Two who work to make a difference

Neighborhood leadership takes many forms. From organizing farmers’ markets to advocating tenants’ rights, Mott Haven has many residents who work hard to make the their neighborhood a better place to live.

Mott Haven community leaders follow different paths

Community Leaders: A. Mychal. Johnson from Mott Haven on Vimeo.

Community Leaders: Lou Torres from Mott Haven on Vimeo.

Neighborhood leadership takes many forms. From organizing farmers’ markets to advocating tenants’ rights, Mott Haven has many residents who work hard to make the their neighborhood a better place to live.

The Mott Haven Herald caught up with two local leaders–one who lives in a row house and holds a seat on the community board and one who lives in a housing project and is the voice of its tenants–to find out how they came to dedicate their time and effort to working for their community.

Mychal Johnson knows what gentrification looks like. He grew up in the Wicker Park neighborhood of Chicago, whose struggles in the 1970s with depopulation, arson and crime invite easy comparison with the South Bronx of the same period.

Like Mott Haven and Melrose, Wicker Park has seen remarkable growth over the past decade, but its appeal to white-collar, college-educated residents has raised rents and prices, forcing many longtime residents to leave. “I didn’t want that to happen to this neighborhood” says Johnson, who moved to New York City with his family in 2003 and has lived in Mott Haven ever since.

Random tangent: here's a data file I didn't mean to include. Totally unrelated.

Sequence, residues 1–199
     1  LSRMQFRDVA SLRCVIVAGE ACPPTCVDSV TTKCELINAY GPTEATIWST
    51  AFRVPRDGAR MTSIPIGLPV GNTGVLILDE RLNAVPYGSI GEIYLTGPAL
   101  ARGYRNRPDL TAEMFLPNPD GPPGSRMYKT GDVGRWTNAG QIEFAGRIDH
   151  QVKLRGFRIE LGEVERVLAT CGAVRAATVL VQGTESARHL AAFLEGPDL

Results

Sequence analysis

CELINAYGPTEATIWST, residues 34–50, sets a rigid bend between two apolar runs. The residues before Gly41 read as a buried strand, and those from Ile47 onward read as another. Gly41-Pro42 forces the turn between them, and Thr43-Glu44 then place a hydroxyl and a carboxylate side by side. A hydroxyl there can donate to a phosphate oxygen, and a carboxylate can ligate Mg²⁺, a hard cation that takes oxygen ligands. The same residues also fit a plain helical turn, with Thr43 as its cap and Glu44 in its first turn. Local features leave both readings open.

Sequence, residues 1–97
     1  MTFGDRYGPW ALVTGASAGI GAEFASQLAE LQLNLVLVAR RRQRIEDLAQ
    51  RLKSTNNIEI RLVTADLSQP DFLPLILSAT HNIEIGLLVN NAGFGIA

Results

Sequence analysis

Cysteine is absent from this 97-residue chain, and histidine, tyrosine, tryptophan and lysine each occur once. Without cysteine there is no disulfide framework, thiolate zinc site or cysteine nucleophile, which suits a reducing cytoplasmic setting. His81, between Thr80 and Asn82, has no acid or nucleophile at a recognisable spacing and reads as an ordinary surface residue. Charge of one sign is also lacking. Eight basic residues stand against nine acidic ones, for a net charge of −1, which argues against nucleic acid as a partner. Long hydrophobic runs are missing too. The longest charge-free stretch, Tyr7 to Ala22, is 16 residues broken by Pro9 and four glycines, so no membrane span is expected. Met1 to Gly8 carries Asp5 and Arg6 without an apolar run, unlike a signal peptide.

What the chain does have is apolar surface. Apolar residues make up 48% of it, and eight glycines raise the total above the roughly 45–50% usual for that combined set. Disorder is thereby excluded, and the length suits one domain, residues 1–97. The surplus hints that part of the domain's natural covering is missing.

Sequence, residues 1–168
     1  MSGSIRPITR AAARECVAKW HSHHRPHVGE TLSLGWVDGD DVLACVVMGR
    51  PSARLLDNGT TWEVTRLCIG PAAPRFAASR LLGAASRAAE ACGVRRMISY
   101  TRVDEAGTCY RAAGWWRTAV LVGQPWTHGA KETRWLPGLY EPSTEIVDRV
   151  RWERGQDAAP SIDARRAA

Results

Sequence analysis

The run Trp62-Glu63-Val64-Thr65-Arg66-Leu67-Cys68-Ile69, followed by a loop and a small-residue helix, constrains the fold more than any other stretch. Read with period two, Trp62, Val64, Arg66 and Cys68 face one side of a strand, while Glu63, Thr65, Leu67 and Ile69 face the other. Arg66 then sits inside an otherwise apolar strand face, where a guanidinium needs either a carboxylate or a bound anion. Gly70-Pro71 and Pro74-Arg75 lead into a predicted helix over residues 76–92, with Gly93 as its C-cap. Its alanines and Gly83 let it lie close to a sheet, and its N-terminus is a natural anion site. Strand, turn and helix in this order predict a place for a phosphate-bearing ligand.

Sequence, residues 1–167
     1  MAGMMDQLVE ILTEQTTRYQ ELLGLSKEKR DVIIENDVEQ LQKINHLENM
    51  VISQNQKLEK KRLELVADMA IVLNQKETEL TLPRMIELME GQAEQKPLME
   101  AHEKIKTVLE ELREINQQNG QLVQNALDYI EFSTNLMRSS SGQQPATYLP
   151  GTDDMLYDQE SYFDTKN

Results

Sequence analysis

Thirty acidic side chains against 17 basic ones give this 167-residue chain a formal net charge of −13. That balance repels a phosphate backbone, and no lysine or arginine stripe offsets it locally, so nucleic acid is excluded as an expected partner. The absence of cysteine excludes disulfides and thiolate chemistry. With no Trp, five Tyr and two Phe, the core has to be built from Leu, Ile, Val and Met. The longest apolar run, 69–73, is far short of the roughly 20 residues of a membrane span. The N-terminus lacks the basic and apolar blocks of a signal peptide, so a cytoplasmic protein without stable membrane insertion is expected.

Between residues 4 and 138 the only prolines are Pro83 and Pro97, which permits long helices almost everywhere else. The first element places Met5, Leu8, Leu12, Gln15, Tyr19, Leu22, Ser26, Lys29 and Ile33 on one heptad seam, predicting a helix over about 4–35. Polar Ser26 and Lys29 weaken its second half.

Hoping to improving his neighborhood while keeping it affordable, Johnson became involved in community organizing as soon as he moved to the Bronx. And while he was working on the house he was finally able to buy, a friend stopped by with an idea.

“He said, ‘Why don’t you apply for a spot on the community board?’” Johnson recalled.

“My daughter went to school here,” Johnson says of his decision to join the board, “and I had become very close with people in the neighborhood.”

That was four and a half years ago. Since then, more families have been fixing up houses like Johnson’s in Mott Haven’s historic district. New restaurants have opened, and artists have found studio space in the neighborhood’s lofts and warehouses.

As a member of Board 1, in recent years Johnson has been focused on trying to guide development, particularly on the waterfront. Last year, the board won a fight against the New York State Department of Transportation’s plan to widen the Major Deegan Expressway. Johnson was a vocal opponent of the state plan, and he says the win was “crucial to the rebirth of the lower Grand Concourse and creating green space along the Harlem River.”

He continues to press for more community input into the city’s Comprehensive Waterfront Plan, and is now looking at ways to address the presence of so many waste transfer stations in Mott Haven.

More challenges lie ahead, he says, noting the rapid gentrification of other neighborhoods in New York City and the way it has pushed out long-time residents.